Asia South Korean president pays visit to recovering US envoy

South Korean president pays visit to recovering US envoy

South Korean President Park Geun-hye, left, talks with U.S. Ambassador to South Korea Mark Lippert at Severance Hospital where he is hospitalized, in Seoul, South Korea, on Monday
South Korean President Park Geun-hye, left, talks with U.S. Ambassador to South Korea Mark Lippert at Severance Hospital where he is hospitalized, in Seoul, South Korea, on Monday

(AA) – U.S. Ambassador Mark Lippert had a surprise visitor just a day ahead of his expected Tuesday release from Seoul’s Severance Hospital — in the form of South Korean President Park Geun-hye.

Lippert needed more than 80 stitches after suffering knife wounds to his face and arm last Thursday — police are investigating whether his assailant, arrested on multiple charges including attempted murder, was motivated by a connection to North Korea.

Park, herself the victim of a knife attack back in 2006 during an election campaign, told Lippert during her visit that her “heart ached” to think that he had gone through the same thing, according to local news agency Yonhap.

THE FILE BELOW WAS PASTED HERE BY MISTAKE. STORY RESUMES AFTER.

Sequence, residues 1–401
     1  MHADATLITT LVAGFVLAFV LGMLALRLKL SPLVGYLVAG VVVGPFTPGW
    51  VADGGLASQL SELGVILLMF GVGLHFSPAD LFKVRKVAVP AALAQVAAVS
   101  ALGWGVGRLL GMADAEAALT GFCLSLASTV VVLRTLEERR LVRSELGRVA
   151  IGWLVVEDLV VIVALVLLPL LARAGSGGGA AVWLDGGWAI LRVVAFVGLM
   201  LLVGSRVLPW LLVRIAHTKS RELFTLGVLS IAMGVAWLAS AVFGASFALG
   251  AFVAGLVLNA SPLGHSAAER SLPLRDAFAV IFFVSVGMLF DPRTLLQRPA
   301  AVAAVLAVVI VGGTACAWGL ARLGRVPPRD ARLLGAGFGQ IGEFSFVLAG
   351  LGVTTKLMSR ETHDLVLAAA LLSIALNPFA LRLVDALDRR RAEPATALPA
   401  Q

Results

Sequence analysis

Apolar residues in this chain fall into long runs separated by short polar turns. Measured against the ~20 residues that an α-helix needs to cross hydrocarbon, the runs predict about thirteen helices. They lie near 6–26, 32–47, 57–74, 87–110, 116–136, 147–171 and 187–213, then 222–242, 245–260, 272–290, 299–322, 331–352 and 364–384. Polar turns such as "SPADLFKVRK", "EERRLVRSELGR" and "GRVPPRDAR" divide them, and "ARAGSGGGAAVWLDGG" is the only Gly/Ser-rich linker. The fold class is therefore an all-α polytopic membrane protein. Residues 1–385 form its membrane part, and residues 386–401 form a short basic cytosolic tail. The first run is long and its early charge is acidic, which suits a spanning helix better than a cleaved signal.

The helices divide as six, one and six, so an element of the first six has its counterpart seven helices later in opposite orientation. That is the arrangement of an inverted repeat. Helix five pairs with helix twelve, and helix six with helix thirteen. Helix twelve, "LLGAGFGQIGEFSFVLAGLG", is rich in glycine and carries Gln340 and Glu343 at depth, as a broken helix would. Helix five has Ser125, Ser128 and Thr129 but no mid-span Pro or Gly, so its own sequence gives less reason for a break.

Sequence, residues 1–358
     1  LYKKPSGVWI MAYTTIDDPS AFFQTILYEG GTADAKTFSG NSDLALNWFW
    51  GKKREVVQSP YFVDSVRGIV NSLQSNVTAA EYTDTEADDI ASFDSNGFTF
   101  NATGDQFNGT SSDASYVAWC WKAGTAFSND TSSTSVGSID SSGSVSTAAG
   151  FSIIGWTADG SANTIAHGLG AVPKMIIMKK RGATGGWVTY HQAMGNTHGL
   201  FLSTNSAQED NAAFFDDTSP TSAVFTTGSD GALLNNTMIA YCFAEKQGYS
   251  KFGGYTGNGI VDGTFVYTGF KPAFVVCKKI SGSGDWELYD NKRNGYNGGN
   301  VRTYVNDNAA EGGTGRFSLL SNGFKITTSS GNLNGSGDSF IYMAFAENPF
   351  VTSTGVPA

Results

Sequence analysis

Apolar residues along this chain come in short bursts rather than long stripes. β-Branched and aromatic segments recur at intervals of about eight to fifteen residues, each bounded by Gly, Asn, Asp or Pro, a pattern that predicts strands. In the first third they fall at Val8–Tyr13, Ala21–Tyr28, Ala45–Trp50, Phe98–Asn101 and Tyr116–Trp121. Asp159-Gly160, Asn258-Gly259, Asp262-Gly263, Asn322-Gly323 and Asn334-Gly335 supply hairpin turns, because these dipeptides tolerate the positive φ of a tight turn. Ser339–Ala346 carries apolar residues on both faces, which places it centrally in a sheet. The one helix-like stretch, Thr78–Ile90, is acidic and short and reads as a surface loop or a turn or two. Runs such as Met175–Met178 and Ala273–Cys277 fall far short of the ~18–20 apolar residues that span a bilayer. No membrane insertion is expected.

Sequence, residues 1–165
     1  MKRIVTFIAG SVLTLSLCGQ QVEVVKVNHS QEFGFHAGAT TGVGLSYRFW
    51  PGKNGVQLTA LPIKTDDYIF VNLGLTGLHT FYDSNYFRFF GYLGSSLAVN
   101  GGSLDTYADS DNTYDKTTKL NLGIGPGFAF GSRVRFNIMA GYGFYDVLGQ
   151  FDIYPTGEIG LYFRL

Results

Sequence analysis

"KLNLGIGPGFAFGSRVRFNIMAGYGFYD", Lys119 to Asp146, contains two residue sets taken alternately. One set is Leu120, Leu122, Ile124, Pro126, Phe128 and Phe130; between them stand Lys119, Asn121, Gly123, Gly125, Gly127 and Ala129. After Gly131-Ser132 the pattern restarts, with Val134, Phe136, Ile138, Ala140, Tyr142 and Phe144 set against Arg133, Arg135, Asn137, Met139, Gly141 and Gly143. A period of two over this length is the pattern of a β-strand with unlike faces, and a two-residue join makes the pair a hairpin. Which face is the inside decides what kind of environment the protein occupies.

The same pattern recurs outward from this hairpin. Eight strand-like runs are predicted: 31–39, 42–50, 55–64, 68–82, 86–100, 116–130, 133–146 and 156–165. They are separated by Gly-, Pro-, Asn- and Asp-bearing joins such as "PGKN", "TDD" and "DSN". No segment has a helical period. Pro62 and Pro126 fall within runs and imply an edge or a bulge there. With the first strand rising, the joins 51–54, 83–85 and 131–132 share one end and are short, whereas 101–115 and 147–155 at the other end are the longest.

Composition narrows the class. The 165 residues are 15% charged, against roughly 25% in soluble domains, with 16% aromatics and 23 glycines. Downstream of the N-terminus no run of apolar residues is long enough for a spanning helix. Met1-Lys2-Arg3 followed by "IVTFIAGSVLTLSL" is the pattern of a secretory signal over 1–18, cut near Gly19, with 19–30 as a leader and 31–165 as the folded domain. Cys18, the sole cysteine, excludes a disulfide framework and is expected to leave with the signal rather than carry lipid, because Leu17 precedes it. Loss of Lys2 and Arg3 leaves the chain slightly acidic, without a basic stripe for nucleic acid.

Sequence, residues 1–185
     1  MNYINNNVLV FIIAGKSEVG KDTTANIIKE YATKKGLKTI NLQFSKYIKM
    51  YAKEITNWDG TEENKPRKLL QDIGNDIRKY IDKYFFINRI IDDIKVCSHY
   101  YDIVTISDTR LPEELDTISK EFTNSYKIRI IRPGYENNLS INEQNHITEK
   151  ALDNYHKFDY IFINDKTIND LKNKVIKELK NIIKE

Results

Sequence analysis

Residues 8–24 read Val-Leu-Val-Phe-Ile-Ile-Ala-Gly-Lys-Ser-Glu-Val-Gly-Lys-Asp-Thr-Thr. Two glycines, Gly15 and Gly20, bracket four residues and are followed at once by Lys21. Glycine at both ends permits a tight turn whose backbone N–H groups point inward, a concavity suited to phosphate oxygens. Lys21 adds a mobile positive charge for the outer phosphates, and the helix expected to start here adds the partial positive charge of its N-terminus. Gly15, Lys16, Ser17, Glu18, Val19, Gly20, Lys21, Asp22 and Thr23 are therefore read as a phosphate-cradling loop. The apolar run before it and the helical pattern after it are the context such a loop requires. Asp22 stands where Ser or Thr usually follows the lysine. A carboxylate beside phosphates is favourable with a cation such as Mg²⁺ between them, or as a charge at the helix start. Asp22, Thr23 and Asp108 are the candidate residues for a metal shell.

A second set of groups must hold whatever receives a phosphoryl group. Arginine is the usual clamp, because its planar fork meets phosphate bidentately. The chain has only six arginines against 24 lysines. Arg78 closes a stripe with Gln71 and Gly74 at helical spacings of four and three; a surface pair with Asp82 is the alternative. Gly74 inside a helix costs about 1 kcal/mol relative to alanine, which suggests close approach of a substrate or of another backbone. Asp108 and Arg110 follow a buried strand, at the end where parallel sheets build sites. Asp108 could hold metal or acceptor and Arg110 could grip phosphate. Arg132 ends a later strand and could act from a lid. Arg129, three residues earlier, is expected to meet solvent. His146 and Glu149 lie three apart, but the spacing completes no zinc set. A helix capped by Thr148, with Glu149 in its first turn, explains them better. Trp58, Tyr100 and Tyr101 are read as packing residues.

The president had already spoken to the recovering envoy on the phone while on a trip to the Middle East last week, and her meeting with Lippert followed similar demonstrations of support over the weekend by the leaders of South Korea’s main political parties.

Meanwhile, local authorities said that they are examining any links between Lippert’s assailant — 55-year-old Kim Ki-jong — and Pyongyang, and in turn a possible breach of the South’s strict National Security Law. The two Koreas are still technically at war as they never signed a peace treaty after their 1950-53 conflict.

Aside from Kim’s known history of visiting North Korea and the discovery of a collection of pro-Pyongyang books during a search of his home and office, police revealed to reporters that he had openly praised the North under questioning.

On the day of his attack on the U.S. ambassador, Kim had made clear his opposition to ongoing joint military drills involving South Korean and American troops — a grievance shared with Pyongyang.

While Park is optimistic about Lippert’s role in the future, the head of Severance Hospital told a media briefing that doctors plan to visit the envoy’s home for a check-up this weekend after his expected release Tuesday afternoon.

“He’s trying his best to get back to work as soon as possible,” said Yoon Do-heum.

Despite his relatively young age of 42, Lippert took up his current role last year, having previously worked closely with U.S. President Barack Obama.

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